He came! He actually came and within twenty minutes the aerial was down and dismantled. The aerial man gave us back the sound of silence. To paraphrase Stuart MacBride’s heroine Detective Chief Inspector Steel, “Seventy five quid plus VAT? My sharny 1 arse!” This guy did the job and we thank him very much … we did pay him too.
Earlier in the day, Scamp met her aunt and managed to establish the identity of a great many people in a sixty year old wedding photo. It made me think that in today’s world where so many of our photos, even wedding photos are not printed, how will we perform a similar task in the future. Will we still be able to view those videos on their lovely shiny DVDs engraved with the movie highlights of today’s wedding groups? Will the photos that are printed using ink on ‘archival’ paper last for sixty years? Will the resolution of the full frame CCD be as good as the old fashioned 6×6 TLR? Not a chance. The other thing we need is to record the names and fit them to the faces of the people in those photos. I realised too late, after my father died, that I’d lost touch with all those people whose faces I saw in the old photos. They were also dead, but they had also taken their identities with them. What I urge you to do is to record, preferably in ink and on paper, the names of the faces in your old photos, and if you don’t have physical photos, print them out on the best quality paper you can afford. It’s not for you, it’s for the ones who come after you. They are the ones who will be left scratching their heads after you can’t be relied upon to enlighten them.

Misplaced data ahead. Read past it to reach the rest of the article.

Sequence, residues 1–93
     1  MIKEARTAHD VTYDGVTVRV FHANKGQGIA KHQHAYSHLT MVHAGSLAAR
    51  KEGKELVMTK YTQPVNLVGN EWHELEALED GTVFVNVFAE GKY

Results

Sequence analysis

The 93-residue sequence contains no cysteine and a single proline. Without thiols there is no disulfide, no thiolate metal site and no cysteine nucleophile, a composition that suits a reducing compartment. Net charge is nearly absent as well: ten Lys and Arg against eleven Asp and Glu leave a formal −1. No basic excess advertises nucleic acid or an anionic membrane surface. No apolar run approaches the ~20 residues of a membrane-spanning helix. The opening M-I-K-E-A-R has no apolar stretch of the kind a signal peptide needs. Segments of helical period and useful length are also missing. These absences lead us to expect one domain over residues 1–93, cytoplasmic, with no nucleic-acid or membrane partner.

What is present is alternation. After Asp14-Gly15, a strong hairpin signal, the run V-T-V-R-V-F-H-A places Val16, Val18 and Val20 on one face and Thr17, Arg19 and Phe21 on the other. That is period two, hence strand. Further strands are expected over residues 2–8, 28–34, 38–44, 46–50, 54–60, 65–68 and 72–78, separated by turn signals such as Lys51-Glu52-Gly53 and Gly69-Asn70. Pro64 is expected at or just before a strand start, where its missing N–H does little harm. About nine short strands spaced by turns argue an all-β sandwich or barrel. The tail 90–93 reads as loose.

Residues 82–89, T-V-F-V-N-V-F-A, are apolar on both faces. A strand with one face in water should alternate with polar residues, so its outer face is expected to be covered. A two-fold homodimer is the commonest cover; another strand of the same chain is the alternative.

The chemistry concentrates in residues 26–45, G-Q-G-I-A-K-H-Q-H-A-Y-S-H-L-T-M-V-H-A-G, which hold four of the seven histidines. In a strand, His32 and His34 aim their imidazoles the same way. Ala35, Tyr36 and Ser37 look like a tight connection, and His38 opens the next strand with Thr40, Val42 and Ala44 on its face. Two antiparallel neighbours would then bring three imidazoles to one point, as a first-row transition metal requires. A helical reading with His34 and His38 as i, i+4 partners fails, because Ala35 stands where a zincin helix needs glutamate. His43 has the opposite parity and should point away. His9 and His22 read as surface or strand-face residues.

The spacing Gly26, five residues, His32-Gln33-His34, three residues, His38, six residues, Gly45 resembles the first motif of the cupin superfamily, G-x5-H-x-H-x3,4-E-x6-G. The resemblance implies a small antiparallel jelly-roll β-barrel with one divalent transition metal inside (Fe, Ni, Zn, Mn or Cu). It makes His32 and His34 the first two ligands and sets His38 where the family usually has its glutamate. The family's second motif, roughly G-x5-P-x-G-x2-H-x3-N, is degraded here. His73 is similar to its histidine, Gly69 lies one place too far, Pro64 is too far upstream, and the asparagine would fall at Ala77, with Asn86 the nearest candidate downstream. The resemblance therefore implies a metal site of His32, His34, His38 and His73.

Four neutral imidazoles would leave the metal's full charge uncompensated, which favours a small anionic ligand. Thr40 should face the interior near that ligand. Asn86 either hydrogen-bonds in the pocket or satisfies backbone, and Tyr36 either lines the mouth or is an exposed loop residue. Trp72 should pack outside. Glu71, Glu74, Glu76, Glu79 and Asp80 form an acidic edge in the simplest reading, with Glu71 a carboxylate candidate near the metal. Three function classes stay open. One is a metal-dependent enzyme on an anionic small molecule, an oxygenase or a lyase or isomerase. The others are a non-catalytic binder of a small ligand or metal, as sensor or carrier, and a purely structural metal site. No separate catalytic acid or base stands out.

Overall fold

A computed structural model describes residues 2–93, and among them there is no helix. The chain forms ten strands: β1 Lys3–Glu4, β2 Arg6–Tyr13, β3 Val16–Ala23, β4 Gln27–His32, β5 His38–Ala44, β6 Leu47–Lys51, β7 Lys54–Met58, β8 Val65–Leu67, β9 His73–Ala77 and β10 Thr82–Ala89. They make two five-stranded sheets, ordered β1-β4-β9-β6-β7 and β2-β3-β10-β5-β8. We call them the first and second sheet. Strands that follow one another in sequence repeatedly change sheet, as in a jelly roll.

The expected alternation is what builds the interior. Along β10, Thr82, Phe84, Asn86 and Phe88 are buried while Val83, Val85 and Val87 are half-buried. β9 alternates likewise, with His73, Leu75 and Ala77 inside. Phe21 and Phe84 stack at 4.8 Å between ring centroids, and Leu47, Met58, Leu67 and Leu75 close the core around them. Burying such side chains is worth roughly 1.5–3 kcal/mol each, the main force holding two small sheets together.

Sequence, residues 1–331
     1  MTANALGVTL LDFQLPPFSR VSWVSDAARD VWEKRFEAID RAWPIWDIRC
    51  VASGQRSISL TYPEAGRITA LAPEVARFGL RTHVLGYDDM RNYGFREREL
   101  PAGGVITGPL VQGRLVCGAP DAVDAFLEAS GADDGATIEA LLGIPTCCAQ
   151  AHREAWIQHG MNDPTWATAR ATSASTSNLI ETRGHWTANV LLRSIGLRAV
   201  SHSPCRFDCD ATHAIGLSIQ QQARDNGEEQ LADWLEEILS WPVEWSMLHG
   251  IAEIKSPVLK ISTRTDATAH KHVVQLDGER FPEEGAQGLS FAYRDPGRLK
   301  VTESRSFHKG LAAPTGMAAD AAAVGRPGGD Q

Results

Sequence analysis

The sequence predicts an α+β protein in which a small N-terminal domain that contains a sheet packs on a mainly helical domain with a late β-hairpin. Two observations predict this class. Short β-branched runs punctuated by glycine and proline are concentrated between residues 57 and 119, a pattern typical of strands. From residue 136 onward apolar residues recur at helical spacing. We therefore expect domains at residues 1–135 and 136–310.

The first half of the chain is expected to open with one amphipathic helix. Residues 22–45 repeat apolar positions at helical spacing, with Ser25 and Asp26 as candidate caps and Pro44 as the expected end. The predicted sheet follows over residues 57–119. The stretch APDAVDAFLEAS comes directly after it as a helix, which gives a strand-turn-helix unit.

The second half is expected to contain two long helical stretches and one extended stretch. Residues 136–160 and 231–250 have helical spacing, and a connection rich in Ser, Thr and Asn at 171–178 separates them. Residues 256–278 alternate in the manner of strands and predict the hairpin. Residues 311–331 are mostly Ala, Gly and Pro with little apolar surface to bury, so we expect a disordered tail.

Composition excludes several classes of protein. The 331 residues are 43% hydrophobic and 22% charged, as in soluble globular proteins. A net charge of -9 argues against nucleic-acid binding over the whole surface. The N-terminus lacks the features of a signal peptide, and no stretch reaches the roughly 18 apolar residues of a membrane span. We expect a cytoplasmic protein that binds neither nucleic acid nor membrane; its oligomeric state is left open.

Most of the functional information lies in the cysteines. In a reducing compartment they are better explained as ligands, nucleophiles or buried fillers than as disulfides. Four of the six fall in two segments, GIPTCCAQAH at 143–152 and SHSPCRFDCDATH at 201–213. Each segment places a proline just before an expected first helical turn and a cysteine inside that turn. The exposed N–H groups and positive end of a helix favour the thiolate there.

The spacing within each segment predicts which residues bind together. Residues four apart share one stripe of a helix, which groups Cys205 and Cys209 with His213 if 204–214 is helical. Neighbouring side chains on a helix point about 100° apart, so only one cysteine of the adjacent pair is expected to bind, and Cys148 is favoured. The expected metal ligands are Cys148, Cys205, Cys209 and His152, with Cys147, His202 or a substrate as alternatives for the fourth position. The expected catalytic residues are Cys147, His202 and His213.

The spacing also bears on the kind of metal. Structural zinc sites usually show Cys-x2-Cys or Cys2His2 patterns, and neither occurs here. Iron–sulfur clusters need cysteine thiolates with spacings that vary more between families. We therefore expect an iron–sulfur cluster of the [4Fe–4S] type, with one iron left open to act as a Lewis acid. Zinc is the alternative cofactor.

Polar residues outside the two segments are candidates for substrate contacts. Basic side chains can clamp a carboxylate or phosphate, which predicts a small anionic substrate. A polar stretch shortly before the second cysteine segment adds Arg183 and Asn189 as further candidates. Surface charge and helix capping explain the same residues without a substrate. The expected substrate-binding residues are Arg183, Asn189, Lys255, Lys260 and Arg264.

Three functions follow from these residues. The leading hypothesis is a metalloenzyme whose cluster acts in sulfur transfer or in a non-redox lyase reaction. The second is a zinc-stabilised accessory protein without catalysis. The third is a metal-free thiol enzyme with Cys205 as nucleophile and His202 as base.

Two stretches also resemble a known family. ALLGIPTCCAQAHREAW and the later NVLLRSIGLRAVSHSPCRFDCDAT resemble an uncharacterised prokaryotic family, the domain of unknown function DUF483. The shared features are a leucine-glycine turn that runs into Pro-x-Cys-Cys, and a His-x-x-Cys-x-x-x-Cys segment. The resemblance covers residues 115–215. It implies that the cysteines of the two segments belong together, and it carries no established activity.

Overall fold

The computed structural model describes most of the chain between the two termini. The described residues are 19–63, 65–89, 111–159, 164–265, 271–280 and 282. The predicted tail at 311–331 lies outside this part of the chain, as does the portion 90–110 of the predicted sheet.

Today’s PoD was taken on the east of Fannyside Moor looking towards Slamannan. It’s a great place for Big Skies and this certainly was a big sky. I like it because it’s a place where you can just watch the clouds rolling past without cars constantly zipping past. The only traffic today was a lady on a bike who was riding a tail-wind. I hope she had already cycled the head-wind part of the route and was on her way home.
Today’s Inktober drawing was of the church in Cumbernauld Village and is a building I’ve been meaning to draw for some time. It really is the most awkward shape with bits apparently added on at different times in its history. The windows, especially seem to have been placed wherever the builder found a space for them. Only the tops of the upper windows line up properly and some have lots of small panes of glass while others have fewer, larger panes. In all, I was pleased with the finished sketch, probably even more so because I sketched it in the open air. I’m not French, so why should I call it en plein air. That’s just being a poser, or should that be poseur?
Tomorrow is unplanned as yet, but it will not include listening to the crows landing on that aerial or dreading the screech of it rotating in its rusty bracket. The bracket is gone, the pole that held the aerial has been recycled and the aerial itself is in a skip. I love the sound of silence.
- Befouled with dung. Merriam-Webster ↩